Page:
Canada does not know how much money it holds as there is no public registry of the value of official’s assets. There are more than 72 individuals from a range of jurisdictions on the Canadian sanctions list. If the new legislation is passed then there would be a public registry of those values, meaning more transparency. If you steal money from your people and then deprive them of basic freedoms, there will be accountability.

When crafting this law, did you look to other foreign governments with similar legislation?

Yes, there was a law in Switzerland. In 2015 they enacted the Foreign Illicit Assets Act. This act allows for assets deposited in Switzerland to be confiscated and reallocated. Switzerland returned assets to Kazakhstan following a criminal bribery case. To avoid directly returning it, they set up an independent non-profit to monitor the return. Therefore, there is some proof of concept.

How does a senator’s proposal become law? What are some obstacles?

Firstly, note that senators are appointed, not elected, in Canada. The bill is initially tabled by a senator, then the legislation would need to go to the committee in the Senate and then come back to be debated again. After any amendments, it would hopefully get approved. It would then travel to the House of Commons, the elected house, and repeat the same process.  These are two very articulated, separate processes in the two chambers that a bill needs to go through. This process assures that bills are debated and consulted on, and further, that civil society and organizations can weigh in before it becomes law.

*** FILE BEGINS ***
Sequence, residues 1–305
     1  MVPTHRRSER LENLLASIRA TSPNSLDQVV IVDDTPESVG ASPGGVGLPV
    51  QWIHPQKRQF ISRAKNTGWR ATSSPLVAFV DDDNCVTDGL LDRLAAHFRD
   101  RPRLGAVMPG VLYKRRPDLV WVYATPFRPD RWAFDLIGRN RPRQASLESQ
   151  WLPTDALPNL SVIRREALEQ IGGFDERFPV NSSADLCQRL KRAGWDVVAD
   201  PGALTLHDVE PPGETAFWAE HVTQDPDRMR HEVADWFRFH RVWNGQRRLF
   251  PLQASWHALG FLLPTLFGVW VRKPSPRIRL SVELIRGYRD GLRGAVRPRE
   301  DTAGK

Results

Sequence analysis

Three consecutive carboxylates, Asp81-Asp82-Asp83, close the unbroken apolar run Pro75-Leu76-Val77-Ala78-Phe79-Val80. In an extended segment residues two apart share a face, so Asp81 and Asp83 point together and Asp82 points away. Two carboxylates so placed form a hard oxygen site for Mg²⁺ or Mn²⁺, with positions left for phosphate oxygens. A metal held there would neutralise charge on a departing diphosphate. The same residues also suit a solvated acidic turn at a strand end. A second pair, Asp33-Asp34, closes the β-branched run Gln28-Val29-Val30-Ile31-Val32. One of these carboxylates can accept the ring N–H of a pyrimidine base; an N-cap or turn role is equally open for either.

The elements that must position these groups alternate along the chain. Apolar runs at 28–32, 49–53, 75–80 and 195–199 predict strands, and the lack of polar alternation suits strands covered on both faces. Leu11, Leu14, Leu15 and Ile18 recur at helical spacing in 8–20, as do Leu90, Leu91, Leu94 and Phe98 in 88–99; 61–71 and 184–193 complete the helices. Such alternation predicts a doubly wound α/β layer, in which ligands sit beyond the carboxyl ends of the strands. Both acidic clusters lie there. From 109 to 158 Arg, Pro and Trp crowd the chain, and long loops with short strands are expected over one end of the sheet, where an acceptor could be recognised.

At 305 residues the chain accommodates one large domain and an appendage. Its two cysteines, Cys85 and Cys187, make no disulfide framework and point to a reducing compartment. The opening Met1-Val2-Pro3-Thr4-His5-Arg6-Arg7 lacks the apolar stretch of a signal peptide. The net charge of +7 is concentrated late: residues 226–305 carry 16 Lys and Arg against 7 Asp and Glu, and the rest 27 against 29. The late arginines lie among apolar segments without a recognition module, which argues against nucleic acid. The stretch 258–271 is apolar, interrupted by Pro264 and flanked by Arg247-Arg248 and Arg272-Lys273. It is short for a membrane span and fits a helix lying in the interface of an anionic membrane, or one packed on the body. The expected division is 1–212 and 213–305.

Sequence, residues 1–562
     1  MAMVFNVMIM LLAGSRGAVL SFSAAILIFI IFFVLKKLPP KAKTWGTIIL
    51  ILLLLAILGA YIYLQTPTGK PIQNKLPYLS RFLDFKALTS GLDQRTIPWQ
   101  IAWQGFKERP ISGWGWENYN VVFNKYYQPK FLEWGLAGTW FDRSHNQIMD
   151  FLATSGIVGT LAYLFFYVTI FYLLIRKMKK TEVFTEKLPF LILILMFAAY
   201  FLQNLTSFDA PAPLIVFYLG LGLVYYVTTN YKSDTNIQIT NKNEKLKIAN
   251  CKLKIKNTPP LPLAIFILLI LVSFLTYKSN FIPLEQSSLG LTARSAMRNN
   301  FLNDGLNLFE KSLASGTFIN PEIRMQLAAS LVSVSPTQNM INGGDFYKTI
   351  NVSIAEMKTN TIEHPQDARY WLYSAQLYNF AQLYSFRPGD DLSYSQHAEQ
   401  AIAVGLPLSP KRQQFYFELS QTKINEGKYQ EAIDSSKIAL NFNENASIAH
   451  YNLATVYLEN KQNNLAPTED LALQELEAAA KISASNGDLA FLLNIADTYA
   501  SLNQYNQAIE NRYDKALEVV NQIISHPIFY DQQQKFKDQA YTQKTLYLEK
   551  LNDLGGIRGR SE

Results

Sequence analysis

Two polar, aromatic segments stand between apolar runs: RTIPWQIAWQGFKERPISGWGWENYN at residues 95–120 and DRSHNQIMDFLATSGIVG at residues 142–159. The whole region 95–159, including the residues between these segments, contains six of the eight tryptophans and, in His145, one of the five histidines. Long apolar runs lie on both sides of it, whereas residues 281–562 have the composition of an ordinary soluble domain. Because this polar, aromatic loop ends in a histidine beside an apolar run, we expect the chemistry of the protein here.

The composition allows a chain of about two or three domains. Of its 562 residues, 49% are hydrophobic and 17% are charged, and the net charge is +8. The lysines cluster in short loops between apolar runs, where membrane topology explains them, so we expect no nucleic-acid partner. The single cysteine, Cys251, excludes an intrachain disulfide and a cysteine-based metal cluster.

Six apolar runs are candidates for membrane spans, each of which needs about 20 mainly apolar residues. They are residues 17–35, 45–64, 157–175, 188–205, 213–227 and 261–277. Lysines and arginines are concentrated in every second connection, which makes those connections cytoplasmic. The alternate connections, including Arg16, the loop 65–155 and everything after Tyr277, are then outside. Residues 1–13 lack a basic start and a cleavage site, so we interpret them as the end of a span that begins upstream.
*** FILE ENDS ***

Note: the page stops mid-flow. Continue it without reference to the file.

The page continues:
What are some of the broader political forces informing how this would proceed?

For anything worth value, people will line up to reap the benefits. The court review here will be very useful. Like minded jurisdictions will, hopefully, look at the broader political implication of addressing displacement.

We are potentially talking about a lot of money here. This could be an innovative source of funding.

There are roughly 20 to 40 billion dollars worth of stolen money that can be traced back to corrupt officials. That is a huge amount, even if just a portion could be provided to the humanitarian relief agencies of the world. The UNHCR has only ever been able to reach 60% of its budget because its financed by voluntary contribution. The displaced people of the world cannot sit around and wait for charity. In a sense, this is their money.

What should people be looking to in the future when it comes to this piece of legislation?

Hopefully, people will think about this with aspiration as this act provides justice to those who appear to act with immunity. Think about generals in Myanmar and warlords in South Sudan. They clear millions of dollars and their names are on the Canadian sanctions list but yet nothing is done with their money. On a more pragmatic level, this act gets money to the agencies and NGO’s doing the necessary work on the ground to help those people who are impacted.

There are 17 million people displaced in the world which makes 17 million reasons to do this.

Read more about this legislation here and follow its progress here.

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Shownotes by Lydia DeFelice